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Changing Text on JButton through its actionPerformed-method

 
Martin Vietor
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Hi there, long time no see or hear newbie questions, so here I come:

I'd like the text of my JButton to change when it is clicked. But I cannot refer to it from inside actionPerformed. More precisely:



But I (and I quote)

Cannot refer to a non-final variable button inside an inner class defined in a different method.

Is there a way around this? There's got to be an easy wy to change what a button says by clicking it, right?

Thanks a bunch, M
 
Rob Camick
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The ActionEvent has a getSource() method, which returns the component the generated the event.
 
Harold Lime
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Or declare the MyButton as final, then it can be referred to with the ActionListener.
 
Rob Camick
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Harold Lime wrote:Or declare the MyButton as final, then it can be referred to with the ActionListener.


You will never learn how to write reusable code with suggestions like that!
 
Rob Spoor
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Rob Camick wrote:
Harold Lime wrote:Or declare the MyButton as final, then it can be referred to with the ActionListener.


You will never learn how to write reusable code with suggestions like that!

But anonymous inner classes and reusable don't really go well together, do they?
 
Martin Vietor
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Hm, ok, didn't mean to start a fight. Parley?

It's really a small little project, just a data-inputter for the real problem. So stupid solutions that work are fine.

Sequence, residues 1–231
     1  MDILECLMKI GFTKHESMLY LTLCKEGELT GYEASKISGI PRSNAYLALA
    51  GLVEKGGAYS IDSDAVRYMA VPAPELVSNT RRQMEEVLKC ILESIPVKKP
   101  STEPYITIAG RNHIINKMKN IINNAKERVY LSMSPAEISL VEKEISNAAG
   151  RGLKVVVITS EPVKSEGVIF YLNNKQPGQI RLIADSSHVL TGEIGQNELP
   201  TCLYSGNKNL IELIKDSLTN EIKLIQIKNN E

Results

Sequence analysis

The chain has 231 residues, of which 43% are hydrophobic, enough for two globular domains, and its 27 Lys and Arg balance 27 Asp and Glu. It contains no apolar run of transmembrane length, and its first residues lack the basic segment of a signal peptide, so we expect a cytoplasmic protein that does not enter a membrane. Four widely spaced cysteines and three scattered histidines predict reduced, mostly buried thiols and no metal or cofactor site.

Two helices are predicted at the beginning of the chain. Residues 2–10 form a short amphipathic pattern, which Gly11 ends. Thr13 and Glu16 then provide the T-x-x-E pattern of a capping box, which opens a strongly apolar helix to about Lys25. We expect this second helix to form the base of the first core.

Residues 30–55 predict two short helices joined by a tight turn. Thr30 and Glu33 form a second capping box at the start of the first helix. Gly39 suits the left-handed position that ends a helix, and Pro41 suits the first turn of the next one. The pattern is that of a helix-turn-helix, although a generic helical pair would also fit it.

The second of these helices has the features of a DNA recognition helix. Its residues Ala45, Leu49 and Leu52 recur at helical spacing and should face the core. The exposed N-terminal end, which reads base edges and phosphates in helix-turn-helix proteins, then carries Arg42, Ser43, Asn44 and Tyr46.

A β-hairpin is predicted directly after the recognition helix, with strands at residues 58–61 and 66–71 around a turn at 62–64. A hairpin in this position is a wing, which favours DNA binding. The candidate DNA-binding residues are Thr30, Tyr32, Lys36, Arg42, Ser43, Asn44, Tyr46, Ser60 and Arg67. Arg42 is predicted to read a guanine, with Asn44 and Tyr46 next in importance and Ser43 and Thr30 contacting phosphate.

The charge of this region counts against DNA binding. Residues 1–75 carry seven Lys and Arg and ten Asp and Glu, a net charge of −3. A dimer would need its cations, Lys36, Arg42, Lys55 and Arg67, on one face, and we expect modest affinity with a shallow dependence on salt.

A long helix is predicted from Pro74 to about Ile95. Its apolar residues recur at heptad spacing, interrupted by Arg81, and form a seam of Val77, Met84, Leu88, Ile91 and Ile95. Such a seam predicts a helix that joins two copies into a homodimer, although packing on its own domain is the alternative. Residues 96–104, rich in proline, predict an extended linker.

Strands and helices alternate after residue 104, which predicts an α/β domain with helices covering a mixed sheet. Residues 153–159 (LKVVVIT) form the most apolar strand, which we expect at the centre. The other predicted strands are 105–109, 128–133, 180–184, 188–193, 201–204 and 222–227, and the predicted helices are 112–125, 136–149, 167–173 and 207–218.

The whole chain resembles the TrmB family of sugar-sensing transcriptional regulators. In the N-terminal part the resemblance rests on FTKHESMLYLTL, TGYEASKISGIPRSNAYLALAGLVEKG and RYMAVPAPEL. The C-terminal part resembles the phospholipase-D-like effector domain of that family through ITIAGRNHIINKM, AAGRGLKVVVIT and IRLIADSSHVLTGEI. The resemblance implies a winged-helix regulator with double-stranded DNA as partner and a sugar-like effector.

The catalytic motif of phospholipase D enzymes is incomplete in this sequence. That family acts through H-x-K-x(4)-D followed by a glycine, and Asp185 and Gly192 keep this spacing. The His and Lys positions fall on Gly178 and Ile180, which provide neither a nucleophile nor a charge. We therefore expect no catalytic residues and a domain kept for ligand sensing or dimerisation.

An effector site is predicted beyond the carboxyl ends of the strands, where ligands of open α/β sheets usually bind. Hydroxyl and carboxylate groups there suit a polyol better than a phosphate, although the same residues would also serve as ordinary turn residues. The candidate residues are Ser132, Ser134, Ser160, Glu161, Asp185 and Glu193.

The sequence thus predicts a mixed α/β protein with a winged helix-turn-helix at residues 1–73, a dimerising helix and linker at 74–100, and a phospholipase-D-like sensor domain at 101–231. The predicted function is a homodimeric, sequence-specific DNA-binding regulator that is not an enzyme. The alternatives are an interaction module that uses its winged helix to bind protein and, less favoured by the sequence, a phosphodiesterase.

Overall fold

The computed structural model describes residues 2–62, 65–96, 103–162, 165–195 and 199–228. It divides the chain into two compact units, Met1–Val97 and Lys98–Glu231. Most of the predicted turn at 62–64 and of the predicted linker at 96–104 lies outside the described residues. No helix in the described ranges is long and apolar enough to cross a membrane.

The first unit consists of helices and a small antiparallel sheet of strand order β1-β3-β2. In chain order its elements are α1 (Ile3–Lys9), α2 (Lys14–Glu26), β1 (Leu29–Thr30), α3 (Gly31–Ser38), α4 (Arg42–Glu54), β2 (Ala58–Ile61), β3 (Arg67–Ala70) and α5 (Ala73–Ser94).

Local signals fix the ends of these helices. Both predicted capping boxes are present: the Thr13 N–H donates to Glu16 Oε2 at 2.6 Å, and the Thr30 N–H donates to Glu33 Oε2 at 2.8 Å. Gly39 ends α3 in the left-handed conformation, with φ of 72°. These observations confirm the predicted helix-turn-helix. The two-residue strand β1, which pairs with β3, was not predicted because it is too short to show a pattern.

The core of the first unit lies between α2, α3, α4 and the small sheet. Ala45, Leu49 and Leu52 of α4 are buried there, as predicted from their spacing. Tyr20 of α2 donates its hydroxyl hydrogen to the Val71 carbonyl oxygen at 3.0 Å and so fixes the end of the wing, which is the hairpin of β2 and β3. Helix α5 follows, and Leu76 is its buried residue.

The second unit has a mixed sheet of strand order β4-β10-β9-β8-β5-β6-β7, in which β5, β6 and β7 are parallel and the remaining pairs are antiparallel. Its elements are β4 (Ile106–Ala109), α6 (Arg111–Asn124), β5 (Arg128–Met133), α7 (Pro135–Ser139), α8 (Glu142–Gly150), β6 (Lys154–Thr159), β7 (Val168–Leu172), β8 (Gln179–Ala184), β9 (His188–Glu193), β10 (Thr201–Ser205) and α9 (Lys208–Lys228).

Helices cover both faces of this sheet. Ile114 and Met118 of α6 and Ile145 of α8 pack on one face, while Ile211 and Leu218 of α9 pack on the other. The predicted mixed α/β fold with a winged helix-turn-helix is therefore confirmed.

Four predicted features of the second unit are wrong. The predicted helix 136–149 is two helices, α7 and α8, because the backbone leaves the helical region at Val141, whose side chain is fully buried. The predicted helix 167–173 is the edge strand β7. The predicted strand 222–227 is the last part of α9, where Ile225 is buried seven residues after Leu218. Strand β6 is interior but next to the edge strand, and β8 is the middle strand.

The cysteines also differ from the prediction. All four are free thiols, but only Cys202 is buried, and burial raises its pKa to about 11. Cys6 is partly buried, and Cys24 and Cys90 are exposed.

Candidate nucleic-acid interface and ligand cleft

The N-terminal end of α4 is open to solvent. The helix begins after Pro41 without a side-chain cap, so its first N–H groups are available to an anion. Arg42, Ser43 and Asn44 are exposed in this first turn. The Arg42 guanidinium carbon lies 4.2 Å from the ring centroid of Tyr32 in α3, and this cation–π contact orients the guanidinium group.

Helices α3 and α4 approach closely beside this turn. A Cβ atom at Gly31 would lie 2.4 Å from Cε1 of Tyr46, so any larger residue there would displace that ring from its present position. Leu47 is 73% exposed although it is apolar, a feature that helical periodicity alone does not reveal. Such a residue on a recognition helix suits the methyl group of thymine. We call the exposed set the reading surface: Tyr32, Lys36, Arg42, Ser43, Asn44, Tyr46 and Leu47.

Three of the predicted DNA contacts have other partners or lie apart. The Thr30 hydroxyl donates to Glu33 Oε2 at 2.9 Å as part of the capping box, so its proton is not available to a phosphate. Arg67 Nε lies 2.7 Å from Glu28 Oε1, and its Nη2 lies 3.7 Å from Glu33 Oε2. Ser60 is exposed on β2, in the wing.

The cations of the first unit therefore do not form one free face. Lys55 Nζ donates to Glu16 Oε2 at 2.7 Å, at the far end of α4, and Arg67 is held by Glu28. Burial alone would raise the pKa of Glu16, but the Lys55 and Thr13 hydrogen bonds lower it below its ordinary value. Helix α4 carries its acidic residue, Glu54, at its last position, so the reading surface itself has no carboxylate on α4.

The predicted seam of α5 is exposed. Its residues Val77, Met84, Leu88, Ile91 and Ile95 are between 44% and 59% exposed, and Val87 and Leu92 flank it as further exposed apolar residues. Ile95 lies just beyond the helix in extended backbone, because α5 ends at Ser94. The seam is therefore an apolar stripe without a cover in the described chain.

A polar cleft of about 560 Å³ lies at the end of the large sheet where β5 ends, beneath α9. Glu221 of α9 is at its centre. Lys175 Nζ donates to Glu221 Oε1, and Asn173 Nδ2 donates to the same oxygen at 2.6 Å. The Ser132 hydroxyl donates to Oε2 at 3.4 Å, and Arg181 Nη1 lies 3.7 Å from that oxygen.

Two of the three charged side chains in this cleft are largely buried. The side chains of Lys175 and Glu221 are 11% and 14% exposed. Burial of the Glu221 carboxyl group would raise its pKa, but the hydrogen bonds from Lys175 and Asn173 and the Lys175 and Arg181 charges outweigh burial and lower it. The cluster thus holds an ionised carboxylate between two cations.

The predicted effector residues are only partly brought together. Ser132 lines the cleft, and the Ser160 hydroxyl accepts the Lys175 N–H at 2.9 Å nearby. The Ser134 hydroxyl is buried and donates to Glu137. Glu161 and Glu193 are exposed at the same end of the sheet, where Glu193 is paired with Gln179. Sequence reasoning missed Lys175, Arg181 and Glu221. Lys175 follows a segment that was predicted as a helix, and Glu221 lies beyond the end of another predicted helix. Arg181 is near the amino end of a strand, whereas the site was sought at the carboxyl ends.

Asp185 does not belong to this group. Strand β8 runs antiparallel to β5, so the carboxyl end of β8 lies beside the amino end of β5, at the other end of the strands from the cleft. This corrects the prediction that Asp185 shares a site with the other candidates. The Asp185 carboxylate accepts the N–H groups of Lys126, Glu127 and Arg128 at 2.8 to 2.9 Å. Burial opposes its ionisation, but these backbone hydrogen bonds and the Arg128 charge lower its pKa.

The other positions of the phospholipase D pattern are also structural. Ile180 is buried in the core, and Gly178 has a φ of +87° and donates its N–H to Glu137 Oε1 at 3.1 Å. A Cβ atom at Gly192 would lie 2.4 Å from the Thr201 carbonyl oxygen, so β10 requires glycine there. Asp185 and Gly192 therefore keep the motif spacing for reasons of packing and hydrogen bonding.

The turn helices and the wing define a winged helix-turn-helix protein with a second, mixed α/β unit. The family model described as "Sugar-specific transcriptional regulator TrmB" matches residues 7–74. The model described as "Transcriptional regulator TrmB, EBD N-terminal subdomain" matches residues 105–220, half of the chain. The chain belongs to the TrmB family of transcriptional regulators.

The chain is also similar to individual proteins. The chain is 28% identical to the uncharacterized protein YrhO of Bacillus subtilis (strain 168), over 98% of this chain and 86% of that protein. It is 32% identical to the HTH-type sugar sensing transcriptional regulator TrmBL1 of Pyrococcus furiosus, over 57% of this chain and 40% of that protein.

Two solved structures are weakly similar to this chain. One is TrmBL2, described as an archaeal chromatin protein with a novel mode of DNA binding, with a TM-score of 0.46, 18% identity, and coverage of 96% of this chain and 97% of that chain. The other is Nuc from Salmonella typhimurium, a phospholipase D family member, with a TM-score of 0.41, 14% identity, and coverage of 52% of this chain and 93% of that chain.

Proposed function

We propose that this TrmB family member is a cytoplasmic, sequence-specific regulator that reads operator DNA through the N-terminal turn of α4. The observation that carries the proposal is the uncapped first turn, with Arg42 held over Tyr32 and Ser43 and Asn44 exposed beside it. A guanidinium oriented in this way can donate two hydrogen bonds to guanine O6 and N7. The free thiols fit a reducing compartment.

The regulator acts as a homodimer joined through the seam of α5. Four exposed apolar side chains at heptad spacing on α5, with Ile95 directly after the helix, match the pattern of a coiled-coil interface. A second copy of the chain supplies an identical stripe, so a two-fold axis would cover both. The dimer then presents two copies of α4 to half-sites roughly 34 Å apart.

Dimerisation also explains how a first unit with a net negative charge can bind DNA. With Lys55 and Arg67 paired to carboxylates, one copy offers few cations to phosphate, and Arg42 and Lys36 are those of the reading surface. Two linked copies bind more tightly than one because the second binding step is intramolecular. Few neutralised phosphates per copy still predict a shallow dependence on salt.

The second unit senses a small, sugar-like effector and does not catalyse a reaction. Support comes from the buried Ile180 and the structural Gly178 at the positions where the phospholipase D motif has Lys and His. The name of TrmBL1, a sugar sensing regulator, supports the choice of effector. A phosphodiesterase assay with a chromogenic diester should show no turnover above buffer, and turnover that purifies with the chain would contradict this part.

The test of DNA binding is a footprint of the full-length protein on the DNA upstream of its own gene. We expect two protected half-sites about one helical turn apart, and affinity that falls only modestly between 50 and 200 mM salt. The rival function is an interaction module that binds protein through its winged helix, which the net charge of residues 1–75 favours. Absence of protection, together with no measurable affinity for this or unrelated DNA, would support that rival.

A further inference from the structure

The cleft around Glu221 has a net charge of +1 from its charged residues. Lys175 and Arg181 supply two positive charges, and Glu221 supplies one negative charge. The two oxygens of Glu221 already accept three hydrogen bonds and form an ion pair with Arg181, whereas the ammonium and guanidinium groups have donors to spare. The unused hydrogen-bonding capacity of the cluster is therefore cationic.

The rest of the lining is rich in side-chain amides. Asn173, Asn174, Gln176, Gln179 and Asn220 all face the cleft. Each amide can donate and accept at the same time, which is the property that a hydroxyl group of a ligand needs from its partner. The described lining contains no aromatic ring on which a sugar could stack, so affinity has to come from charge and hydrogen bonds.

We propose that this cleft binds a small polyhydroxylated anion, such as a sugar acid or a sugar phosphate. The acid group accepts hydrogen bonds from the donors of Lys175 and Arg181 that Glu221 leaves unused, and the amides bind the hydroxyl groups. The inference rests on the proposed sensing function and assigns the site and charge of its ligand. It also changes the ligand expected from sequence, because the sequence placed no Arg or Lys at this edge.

I had tried that, but it didn't work. But if I cast MyButton, I can indeed setText. Like so:



But I cannot, unfortunately, access the variables from MyButton. This



does not work. Why is that? Do I have to @override in MyButton?

At a loss. Again.
 
Rob Camick
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But anonymous inner classes and reusable don't really go well together, do they?


I guess you don't understand the concept of promoting better coding techniques. I try to give helpfull tips.
 
Rob Camick
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So stupid solutions that work are fine.


Which lead to larger problems on larger projects. Learn the proper techniques now to minimize problems in the future.

a) I had tried that, but it didn't work. But if I cast MyButton, I can indeed setText. Like so:
b) But I cannot, unfortunately, access the variables from MyButton. This


You've proven the techniques works. There is no reason you shouldn't be able to access the variable as well assuming you have the rights to change the variable.

If you need further help then you need to create a SSCCE (Short, Self Contained, Compilable and Executable, Example Program), that demonstrates the incorrect behaviour.

Don't forget to use the Code Formatting Tags so the posted code retains its original formatting. That is done by selecting the code and then clicking on the "Code" button above the question input area.
 
Martin Vietor
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Rob Camick wrote:
But anonymous inner classes and reusable don't really go well together, do they?


I guess you don't understand the concept of promoting better coding techniques. I try to give helpfull tips.


Actually, at that point, you didn't. You just dissed his comment as useless and did not, in fact, give helpfull tips (well before, that was very helpful, but not in that comment). I am thankful for the advice from both of you, as you are obviously more experienced than I, but do keep it civil, please. Other coders, other solutions.

As to my problem, I did use the code tags, right? But what was actually missing was more casting - I have to cast .set as String and .dayOfYear as int, now it's working fine.